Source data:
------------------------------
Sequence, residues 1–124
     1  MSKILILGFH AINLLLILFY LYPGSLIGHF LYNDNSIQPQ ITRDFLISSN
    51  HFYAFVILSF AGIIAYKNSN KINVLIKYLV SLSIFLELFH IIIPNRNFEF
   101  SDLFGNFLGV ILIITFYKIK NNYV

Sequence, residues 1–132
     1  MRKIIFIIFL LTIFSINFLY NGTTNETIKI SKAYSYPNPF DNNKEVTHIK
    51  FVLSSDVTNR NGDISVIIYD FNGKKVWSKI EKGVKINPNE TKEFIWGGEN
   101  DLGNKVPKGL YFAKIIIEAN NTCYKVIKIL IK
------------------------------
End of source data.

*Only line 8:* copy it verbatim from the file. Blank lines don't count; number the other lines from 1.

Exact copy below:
   101  DLGNKVPKGL YFAKIIIEAN NTCYKVIKIL IK